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News: I moved the keyboard to my room and now I feel strongly inclined to tell the world that I adore Phantom of the Opera. Everything is perfectly normal and no, I don't have access to any secret underground labyrinth...yet.

--12 August 2017 --

Quote: Words are pale shadows of forgotten names. As names have power, words have power. Words can light fires in the minds of men. Words can wring tears from the hardest of hearts. --Patrick Rothfuss, The Name of the Wind

The Fellowship

May 8, 2014

[Review] Dreamtreaders by Wayne Thomas Batson

I just finished Dreamtreaders this morning and now give myself over to write a review of the book.

First I'd like to point out the fact that this book is written in the typical, humorous style that I've come to love from Batson. His characters are unique, the scenery is delightful, and the implied Christian undertones are most welcome. I've noted that a few reviewers have claimed the introduction was rough or "typical fantasy style" - I, however, found it wonderful. We were quickly introduced to the main character (Archer) and his protagonist (The Nightmare Lord); we were also thrown instantly into the dreamscape and became acquainted with its rules and regulations.

There wasn't any bumbling about, nor were there any useless bits of fluff and drivel that didn't help support the overall plot. This I was very appreciative of - as a wide reader of many different genres, I often find myself skimming past silly rabbit trails authors thought important to their tale. Let me tell you this - it is a very rare thing for an author to be able to get away with a good, decent rabbit trail and not lose the interest of the reader :) So thumbs up to WTB for avoiding them altogether!

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Quick review break to include Squeak's absolute favourite quote from Dreamtreaders ;)
They could no more catch Archer than a sloth could leap up and grab a soaring hawk. --Dreamtreaders, pg 9
Honestly, the simple beauty in this analogy is what defines my favourite property of the story - the humour. It's priceless. And gosh golly, pairing the imagery of a leaping sloth to that of a soaring hawk creates the most delightful imagery in my mind! I. Adore. It.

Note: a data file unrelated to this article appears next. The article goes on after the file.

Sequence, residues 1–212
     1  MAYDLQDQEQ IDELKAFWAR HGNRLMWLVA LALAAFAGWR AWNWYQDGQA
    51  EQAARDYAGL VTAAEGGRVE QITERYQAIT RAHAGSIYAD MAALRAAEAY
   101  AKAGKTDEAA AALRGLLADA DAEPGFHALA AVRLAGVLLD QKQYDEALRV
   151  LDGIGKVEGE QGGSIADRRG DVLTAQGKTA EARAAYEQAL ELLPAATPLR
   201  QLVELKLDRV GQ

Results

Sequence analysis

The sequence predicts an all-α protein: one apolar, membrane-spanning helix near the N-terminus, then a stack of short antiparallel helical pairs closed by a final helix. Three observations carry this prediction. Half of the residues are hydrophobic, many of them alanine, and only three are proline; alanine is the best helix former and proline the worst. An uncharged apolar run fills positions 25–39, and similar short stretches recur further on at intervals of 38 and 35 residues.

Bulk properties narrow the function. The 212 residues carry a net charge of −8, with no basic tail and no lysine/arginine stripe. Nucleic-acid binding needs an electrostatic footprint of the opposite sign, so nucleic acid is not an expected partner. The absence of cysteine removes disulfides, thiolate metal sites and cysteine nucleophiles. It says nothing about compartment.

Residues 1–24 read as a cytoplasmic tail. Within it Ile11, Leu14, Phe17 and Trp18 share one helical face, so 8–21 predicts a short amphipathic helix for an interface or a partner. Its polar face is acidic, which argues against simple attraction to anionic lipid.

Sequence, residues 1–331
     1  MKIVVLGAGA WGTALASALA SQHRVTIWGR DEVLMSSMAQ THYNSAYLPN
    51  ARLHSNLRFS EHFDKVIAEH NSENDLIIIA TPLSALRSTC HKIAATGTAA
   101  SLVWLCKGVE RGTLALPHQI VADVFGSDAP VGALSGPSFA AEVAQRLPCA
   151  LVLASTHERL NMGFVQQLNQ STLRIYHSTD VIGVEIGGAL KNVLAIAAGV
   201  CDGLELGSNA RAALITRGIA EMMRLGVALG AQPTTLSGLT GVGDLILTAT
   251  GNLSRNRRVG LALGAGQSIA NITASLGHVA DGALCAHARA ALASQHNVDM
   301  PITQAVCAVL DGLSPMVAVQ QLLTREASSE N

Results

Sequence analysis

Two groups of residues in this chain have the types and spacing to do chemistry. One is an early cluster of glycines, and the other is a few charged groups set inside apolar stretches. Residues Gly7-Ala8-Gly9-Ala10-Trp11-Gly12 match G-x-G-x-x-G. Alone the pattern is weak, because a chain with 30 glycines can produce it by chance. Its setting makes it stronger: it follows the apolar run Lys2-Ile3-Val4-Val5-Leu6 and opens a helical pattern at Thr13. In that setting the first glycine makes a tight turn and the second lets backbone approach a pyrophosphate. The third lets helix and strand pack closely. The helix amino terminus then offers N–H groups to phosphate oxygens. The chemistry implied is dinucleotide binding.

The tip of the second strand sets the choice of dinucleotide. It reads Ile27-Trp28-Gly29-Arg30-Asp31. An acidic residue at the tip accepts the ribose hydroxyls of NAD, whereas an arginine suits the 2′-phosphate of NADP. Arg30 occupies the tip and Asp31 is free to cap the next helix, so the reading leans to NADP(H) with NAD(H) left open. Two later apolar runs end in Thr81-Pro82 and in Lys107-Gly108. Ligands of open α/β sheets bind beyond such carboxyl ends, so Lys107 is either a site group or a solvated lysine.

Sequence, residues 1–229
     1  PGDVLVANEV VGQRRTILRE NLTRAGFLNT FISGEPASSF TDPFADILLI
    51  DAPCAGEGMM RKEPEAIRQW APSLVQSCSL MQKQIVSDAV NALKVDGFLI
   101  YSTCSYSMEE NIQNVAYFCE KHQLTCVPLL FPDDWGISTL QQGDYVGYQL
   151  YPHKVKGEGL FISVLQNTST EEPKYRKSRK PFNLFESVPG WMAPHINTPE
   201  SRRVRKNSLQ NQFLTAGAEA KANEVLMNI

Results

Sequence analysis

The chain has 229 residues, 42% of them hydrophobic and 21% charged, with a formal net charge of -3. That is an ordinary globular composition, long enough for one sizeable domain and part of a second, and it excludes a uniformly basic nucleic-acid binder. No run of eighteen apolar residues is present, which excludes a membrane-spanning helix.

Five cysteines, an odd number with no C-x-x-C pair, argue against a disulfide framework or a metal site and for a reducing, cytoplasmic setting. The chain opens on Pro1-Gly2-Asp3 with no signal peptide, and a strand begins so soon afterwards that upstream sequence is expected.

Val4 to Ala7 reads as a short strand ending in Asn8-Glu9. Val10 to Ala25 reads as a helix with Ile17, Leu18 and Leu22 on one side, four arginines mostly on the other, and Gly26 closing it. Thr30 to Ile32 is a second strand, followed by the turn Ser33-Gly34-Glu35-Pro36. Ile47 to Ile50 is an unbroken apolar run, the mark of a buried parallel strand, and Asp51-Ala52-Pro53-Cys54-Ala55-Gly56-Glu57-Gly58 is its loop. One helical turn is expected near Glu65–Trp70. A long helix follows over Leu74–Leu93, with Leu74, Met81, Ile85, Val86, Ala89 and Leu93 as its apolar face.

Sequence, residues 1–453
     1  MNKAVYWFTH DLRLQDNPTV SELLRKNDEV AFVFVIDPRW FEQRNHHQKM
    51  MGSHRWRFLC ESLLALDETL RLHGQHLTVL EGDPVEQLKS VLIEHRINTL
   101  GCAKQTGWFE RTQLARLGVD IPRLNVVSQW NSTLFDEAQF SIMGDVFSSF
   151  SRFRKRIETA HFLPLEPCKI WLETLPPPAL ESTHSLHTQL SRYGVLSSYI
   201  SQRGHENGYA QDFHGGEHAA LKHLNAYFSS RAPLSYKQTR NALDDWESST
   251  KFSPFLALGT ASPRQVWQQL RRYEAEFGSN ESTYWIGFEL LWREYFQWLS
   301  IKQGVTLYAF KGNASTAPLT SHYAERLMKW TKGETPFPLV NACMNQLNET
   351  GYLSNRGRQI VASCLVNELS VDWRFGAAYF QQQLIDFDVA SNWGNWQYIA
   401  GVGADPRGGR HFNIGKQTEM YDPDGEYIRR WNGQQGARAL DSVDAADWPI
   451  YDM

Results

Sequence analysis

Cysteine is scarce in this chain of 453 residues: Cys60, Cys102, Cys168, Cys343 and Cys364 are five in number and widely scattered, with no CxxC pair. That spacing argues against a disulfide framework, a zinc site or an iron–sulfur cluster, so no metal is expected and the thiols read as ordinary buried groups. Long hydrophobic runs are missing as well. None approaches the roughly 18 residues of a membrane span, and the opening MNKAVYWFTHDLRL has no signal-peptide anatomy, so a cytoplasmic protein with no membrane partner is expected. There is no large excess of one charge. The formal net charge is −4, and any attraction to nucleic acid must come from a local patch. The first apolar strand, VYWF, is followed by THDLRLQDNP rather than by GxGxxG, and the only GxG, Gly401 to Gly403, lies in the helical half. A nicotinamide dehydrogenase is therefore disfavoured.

Also, Razz - I cannot begin to explain how ecstatic I was to see Batson created such a delightful little character! My only wish was that he gave her a little more dialogue - seriously, she was radical :D

The Christian undertones are undeniably there if you look for them. To those people who've implied that Batson's avoiding the gospel, I tell ya'll you're definitely blind. The entire tale is an allegory, most cleverly wrought. *quirks eyebrow* I was most impressed. Perhaps the implied statements pass over the minds of younger individuals, but they're clear as an exploding supernova to me. So huzzah to Batson! He did a great job!

Now, I do have one disagreement to make (a disagreement hedged by several very important points). Amazon advertises an age range of 8-12yrs for the recommended readers. While the writing style is definitely geared towards young children, the content is more suiting 16+. My personal opinion? I would never let a 12 yo read this book, even though I absolutely love Wayne Thomas Batson. Why? Let me explain.

First there are some scenes that are unfitting for an 8 year old's eyes. To avoid writing a spoiler, I will simply say - the nightmarish properties of the novel are quite nightmarish. It brought to mind the underwater island scene in Isle of Fire, involving the Merchant (for any of you who've read the book); however, it's not even close to the intenseness we read in Ghost. Still, it's not what I'd consider kid material. Now in my opinion, this quality would bump up the age rating to 13+... but there's one more hitch.

Batson goes into a light discussion of lucid dreaming. Let it be said now - this is not a topic to play around with. Lucid dreaming is very much so a practice of some individuals today, and getting wrapped up into it is terribly dangerous. I didn't learn about this concept until I was hmm, 16 or 17; without much moral guidance I found myself rather enchanted by the idea of being able to control ones dreams. The problem - it leads to a lot of scary, cult-y stuff. Needless to say, I'm a strong supporter of bringing awareness to the dangers of lucid dreaming. In part, this is because of my own beliefs.

Why is this a hitch if Batson deals with it in a way that say "No, this is bad, don't do it - see the dangers here"? Well, children are insatiably curious creatures. Opening their eyes to a danger in the current age we live in (e.g. access to powerful search engines, forums, and so on and so forth) is a recipe for disaster. Now there are exceptions - I know several 12 year olds that have the minds of 16 year olds simply because of the situations they've been through in life. However, speaking of children as a whole, I personally wouldn't subject their minds to potentially dangerous material.

Therefore, I feel that by the age of 16, an individual will be mature enough to determine right from wrong and have the aptitude to steer clear from the temptations of that which is morally unsound.

That being said, Dreamtreaders is a wonderfully exciting book with superb scenery and humour (yes, I repeat myself - it's true). I heartily recommend the adventure to anyone 16+! While the reading level might be aimed at younger individuals, I still feel the tale is delightful and enjoyable and I look forward to the next book :)

Signed with leaves and fruit,

Squeaks.

1 comment:

  1. Thanks for posting, Squeaks! It made me so excited to dive into Dreamtreaders!

    ReplyDelete

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